Nature | Neighborhood

Kiawah River Uses Ladybugs as a Natural Pest Control

At Kiawah River, we strive to keep things as natural as possible. So, when our Chief Environmental Officer, Jeff Snyder, noticed an increase in aphids on plants around the community, he decided to combat them with a natural enemy: ladybugs.

Aphids are tiny, yellow bugs that appear in clusters on plants in warmer months. Look for them on soft stems, branches, buds and fruit. They destroy plants by sucking nutrient-rich sap from them, resulting in curled or yellowed leaves, deformed flowers or damaged fruit. They can also damage plants by leaving behind a secretion called “honeydew”—a sticky substance that invites plant viruses and mold. They are one of the most destructive insect pests on cultivated plants.

If you’re trying to avoid using pesticides (as we do in Kiawah River), one way to get rid of aphids is to have ladybugs do your dirty work for you. Ladybugs feast upon aphids, and will eat about 50 aphids per day, or about 5,000 aphids in their one-year lifecycle. They eat only insects and do not harm plants in any way.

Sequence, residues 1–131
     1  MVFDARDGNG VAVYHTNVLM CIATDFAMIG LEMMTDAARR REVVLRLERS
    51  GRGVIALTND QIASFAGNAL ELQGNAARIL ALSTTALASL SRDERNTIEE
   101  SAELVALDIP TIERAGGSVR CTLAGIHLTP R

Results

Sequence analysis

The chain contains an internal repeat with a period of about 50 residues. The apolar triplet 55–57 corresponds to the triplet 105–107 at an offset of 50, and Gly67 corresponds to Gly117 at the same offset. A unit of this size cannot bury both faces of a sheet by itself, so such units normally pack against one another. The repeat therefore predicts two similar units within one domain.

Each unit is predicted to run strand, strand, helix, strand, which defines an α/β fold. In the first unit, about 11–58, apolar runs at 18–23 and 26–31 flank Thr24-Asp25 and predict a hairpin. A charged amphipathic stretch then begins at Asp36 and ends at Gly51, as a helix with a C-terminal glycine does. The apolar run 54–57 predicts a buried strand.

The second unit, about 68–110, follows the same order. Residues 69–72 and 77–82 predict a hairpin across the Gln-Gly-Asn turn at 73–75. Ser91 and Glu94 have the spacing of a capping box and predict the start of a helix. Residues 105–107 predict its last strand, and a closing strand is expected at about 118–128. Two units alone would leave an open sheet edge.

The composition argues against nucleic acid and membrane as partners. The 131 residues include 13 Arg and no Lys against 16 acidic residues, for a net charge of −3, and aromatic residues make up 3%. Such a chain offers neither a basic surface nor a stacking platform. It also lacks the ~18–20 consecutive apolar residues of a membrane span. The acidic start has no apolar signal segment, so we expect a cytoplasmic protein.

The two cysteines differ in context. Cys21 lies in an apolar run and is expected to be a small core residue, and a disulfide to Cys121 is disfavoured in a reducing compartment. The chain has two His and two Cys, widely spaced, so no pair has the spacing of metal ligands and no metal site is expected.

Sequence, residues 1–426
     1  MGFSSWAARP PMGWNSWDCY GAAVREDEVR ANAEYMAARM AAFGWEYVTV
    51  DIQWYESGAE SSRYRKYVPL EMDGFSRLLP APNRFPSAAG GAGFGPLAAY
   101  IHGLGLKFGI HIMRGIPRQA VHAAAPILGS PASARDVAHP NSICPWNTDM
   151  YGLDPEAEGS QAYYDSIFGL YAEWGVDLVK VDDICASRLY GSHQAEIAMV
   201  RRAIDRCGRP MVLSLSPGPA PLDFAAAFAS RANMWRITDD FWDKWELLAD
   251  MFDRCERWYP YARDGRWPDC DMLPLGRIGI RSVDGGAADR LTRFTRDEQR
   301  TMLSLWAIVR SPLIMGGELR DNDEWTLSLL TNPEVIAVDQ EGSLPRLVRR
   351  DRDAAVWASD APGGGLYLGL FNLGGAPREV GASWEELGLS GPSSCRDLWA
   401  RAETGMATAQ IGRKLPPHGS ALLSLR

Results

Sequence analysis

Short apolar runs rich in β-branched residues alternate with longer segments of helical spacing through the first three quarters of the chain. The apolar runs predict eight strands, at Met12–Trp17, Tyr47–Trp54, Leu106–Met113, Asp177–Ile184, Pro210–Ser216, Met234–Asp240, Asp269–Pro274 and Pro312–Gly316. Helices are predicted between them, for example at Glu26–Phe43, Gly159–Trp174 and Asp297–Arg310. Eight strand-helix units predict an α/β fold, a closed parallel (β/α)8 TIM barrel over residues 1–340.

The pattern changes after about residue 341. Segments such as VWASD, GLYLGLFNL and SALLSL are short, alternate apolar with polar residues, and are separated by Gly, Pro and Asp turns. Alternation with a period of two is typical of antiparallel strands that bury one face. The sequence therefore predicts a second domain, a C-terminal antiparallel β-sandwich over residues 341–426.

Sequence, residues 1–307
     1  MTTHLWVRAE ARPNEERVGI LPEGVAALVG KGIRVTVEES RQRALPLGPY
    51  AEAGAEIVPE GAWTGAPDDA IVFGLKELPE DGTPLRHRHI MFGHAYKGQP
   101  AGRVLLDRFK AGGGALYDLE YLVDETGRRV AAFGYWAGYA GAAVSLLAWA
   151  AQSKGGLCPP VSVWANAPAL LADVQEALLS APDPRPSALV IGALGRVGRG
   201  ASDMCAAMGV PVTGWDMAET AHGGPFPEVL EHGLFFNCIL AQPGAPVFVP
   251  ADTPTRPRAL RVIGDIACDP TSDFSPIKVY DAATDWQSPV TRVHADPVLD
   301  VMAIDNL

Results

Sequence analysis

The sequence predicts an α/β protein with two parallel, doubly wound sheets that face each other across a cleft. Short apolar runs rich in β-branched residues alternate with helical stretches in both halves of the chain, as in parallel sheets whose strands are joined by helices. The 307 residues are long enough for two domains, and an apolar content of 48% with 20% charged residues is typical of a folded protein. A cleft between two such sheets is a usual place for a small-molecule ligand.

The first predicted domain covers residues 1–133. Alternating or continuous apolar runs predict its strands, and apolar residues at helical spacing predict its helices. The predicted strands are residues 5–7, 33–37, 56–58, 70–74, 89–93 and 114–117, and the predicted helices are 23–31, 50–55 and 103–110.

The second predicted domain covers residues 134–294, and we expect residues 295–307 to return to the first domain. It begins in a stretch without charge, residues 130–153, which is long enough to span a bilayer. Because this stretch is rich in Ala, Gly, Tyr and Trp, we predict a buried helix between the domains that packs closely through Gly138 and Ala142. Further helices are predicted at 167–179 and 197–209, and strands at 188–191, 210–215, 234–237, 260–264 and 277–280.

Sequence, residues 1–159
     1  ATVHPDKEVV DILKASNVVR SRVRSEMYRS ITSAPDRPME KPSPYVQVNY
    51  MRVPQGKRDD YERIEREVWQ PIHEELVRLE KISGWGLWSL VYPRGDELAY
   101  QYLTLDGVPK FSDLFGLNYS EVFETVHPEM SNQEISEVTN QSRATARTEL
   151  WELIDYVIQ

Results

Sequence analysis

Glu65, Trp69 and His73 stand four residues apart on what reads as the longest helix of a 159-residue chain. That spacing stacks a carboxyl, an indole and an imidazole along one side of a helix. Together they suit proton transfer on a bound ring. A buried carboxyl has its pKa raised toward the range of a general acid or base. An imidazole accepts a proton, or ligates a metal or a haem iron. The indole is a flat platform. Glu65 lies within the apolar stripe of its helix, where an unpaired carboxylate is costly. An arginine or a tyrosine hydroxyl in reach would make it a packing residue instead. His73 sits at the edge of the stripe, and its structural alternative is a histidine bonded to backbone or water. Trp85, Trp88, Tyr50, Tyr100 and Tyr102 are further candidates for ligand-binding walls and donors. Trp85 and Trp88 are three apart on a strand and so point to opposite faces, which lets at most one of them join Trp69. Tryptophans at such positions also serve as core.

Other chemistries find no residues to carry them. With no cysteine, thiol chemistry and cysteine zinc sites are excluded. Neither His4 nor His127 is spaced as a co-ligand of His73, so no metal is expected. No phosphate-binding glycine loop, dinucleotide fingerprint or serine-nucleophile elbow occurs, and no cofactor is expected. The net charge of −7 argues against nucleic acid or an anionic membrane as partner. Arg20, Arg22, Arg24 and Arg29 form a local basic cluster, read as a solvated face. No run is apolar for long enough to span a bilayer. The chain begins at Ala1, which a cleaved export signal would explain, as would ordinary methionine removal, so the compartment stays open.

Jeff bought a half gallon of ladybugs in the mail, and they came in a cloth bag enclosed in a cardboard box. He placed the bag in an area where he knew aphids were living on some native butterfly bushes. To release them, Jeff just set the bag on the ground and propped it open so the ladybugs could find their own way out. Within a few minutes, the ladybugs were crawling everywhere, including on the plants where the aphids were living.

This ladybug release is just one of the many natural and non-invasive ways that we try to keep environmental issues under control at Kiawah River.